Intestinal Lymphangiectasia Workup

Updated: Jan 19, 2018
  • Author: Hisham Nazer, MBBCh, FRCP, DTM&H; Chief Editor: Burt Cagir, MD, FACS  more...
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Laboratory Studies

Serum protein levels

The most common laboratory finding in intestinal lymphangiectasia is hypoproteinemia. Hypoalbuminemia is most prominent, and lymphocytopenia and hypogammaglobulinemia (eg, immunoglobulin A [IgA], immunoglobulin G [IgG], immunoglobulin M [IgM]) are also prominent. Cholesterol levels are not usually elevated.

Alpha1-antitrypsin levels

In random dry stools, levels of alpha1-antitrypsin has been used to indirectly measure protein leakage in the gastrointestinal (GI) tract. Alpha1-antitrypsin is negligibly broken down by intestinal proteases and, thus, is excreted intact in the stool. However, although measurement of stool alpha1-antitrypsin may serve as a good screening examination for protein loss, several studies have shown poor correlation between the value of alpha1-antitrypsin in the stool and its clearance measurement. In part, this is because of increased degradation of alpha1-antitrypsin in different milieus. For example, the breakdown of alpha1-antitrypsin is higher in environments where the pH level is less than 3, as in the stomach or small bowel in hyperacidity states.

The most specific test for protein loss in the GI tract is direct measurement of alpha1-antitrypsin clearance from plasma. Values greater than 24 mL/day in patients without diarrhea (diarrhea increases alpha1-antitrypsin clearance) and over 56 mL/day in those with diarrhea indicate protein loss in the GI tract. GI bleeding has also been shown to increase alpha1-antitrypsin clearance as a result of whole blood loss.


Imaging Studies

Double-contrast radiographs of the small bowel may be helpful, because they may show thickened folds due to intestinal edema from hypoproteinemia, nodular protrusions, and absence of mucosal ulcerations.

Ultrasonography and computed tomography (CT) scanning are also useful in identifying dilated intestinal loops, regular and diffuse thickening of the intestinal walls, plical hypertrophy, and mesenteric edema. CT scans may help show circumferential thickening of the small bowel wall with low attenuation (<30 H).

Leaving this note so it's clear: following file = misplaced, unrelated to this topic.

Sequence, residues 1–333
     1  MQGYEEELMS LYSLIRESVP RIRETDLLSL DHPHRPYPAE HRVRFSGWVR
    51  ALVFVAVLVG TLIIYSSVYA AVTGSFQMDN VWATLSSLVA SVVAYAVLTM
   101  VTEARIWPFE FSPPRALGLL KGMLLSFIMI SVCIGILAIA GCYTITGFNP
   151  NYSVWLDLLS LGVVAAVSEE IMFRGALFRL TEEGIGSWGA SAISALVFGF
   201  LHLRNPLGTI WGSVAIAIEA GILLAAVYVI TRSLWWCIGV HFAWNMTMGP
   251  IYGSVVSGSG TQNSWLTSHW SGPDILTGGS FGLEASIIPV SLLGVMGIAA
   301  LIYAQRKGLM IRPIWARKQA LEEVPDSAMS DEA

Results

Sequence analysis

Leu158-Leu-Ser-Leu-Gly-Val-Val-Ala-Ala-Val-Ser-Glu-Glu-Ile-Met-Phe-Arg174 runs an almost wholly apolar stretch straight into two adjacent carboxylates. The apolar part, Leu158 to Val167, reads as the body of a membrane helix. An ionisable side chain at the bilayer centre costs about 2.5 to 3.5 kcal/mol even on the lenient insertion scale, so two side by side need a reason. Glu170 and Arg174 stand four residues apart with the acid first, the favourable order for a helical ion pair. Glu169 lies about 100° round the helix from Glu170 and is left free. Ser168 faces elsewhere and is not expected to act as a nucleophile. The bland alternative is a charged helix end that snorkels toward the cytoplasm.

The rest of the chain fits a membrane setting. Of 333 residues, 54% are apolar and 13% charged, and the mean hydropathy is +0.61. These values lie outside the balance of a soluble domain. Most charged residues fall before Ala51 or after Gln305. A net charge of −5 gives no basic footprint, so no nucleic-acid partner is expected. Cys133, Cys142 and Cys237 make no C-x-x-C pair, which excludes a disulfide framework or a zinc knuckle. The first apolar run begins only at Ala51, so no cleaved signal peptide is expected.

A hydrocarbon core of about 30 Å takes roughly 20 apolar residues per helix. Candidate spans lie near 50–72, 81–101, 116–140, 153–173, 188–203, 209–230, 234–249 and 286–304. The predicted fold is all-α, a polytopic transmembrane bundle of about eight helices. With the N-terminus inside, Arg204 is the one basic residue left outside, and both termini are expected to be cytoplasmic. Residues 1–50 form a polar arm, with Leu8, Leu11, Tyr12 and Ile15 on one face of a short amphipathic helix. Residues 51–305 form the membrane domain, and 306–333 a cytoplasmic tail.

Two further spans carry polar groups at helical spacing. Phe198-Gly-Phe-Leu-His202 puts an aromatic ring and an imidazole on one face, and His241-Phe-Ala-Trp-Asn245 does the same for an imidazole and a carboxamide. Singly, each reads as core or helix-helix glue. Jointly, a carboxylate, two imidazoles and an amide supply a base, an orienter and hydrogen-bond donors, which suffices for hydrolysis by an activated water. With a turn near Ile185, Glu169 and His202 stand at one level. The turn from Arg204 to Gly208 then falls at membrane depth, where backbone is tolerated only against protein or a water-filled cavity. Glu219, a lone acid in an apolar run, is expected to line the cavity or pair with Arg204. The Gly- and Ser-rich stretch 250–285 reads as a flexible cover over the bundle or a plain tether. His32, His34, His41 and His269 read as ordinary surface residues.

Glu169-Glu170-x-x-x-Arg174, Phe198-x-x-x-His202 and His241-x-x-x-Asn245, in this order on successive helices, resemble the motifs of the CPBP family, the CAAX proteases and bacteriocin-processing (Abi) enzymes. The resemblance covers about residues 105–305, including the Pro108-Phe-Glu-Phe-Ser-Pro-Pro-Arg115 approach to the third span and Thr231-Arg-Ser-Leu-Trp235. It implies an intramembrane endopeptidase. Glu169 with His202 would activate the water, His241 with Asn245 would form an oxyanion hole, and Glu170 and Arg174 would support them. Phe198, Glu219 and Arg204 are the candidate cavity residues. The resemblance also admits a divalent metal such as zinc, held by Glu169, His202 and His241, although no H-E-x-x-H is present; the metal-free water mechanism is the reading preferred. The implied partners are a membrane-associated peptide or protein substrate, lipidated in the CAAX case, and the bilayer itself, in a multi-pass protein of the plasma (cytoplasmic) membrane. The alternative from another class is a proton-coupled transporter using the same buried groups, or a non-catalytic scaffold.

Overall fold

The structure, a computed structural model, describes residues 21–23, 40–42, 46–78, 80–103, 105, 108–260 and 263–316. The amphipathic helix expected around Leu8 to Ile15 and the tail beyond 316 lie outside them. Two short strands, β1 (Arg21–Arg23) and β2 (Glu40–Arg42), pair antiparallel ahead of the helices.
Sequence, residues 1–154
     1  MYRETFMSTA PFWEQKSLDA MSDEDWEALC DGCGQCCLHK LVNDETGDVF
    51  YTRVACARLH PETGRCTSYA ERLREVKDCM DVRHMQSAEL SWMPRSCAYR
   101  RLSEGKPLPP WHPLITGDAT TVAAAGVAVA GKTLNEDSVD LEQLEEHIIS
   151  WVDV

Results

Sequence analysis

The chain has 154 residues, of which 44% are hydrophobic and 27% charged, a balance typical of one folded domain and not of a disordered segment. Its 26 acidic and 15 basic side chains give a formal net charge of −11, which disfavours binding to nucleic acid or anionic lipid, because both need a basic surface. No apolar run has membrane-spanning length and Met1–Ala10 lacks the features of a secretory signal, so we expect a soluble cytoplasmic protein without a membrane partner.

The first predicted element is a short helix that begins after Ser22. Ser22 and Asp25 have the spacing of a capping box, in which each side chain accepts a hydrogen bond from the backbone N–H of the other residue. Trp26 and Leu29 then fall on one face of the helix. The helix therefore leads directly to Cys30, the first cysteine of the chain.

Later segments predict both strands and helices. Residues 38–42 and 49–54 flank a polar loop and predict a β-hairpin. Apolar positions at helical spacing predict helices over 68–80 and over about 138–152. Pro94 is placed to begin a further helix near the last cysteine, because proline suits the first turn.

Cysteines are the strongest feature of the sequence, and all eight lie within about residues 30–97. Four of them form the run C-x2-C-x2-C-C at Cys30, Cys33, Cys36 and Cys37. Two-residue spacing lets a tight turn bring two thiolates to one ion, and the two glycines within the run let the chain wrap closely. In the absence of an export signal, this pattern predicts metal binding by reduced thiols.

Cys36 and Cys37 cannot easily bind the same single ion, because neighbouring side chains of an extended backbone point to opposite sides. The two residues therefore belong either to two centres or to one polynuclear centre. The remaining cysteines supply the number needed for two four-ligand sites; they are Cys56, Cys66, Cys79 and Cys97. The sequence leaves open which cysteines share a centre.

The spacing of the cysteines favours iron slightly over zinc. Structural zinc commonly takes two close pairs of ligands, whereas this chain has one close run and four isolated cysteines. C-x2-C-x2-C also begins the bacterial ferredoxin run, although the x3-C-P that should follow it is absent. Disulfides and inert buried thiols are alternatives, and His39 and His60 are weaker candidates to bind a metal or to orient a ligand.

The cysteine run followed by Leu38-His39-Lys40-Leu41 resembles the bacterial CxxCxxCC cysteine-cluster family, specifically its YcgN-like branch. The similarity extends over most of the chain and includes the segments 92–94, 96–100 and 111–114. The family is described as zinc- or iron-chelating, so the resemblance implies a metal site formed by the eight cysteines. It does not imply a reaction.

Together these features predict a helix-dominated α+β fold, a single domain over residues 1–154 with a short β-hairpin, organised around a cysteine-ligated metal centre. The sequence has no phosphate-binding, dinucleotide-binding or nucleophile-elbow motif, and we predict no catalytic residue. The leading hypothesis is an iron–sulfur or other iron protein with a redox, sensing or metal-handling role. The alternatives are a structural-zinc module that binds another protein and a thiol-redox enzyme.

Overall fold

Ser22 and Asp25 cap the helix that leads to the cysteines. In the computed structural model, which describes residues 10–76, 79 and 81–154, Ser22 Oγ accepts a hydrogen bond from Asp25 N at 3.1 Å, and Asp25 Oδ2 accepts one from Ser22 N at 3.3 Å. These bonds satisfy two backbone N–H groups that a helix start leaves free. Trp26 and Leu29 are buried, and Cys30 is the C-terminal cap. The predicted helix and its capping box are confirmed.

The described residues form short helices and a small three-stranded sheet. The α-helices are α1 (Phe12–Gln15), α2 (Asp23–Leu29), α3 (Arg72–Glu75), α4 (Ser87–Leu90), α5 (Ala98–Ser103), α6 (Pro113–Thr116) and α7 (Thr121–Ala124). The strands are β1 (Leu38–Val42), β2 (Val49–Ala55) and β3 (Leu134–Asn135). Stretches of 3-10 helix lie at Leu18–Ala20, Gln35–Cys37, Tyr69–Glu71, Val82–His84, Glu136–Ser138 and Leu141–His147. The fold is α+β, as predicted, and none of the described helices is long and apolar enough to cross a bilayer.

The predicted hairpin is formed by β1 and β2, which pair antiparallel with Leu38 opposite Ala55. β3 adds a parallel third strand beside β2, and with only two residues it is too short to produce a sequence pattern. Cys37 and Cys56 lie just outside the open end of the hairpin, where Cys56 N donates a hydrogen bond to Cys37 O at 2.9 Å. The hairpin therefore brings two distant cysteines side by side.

Multidetector CT (MDCT) scanning after direct lympangiography appears to provide an accurate evaluation and diagnosis of primary intestinal lymphangiectasia. In a retrospective study of 55 affected patients, all of whom underwent MDCT after direct lymphangiography, investigators noted that MDCT identified intra-intestinal, extra-intestinal, and lymphatic vessel abnormalities, including different degrees of intestinal dilatation, small bowel wall thickening, ascites, mesenteric edema, mesenteric nodules, lumbar trunk and intestinal trunk reflux. [9]




Repeatedly, the role of endoscopy has been proven useful. Small bowel enteroscopy not only helps detect mucosal changes suggestive of the disease but also allows acquisition of histologic samples to establish a diagnosis. [10, 11, 12]

White villi and/or spots (dilated lacteals), white nodules, and submucosal elevations are observed. Xanthomatous plaques are often visualized.

Capsule endoscopy

Capsule endoscopy has also been used to help identify the characteristic changes of intestinal lymphangiectasia not reachable with standard endoscopy.

Jejunal biopsy

Jejunal biopsy establishes a definitive diagnosis and shows dilation of mucosal and submucosal lymphatic channels. To increase the diagnostic yield, large biopsy forceps should be used when available. In addition, because of the patchy involvement of the small bowel, obtaining multiple biopsy samples from different areas is recommended.


Histologic Findings

Intestinal biopsy results reveal the characteristic dilatation of the lymph vessels of the mucosa and submucosa without any evidence for inflammation.

Intestinal villi of normal height with dilated lym Intestinal villi of normal height with dilated lymphatics as usually seen on histology of villi in intestinal lymphagiectasia.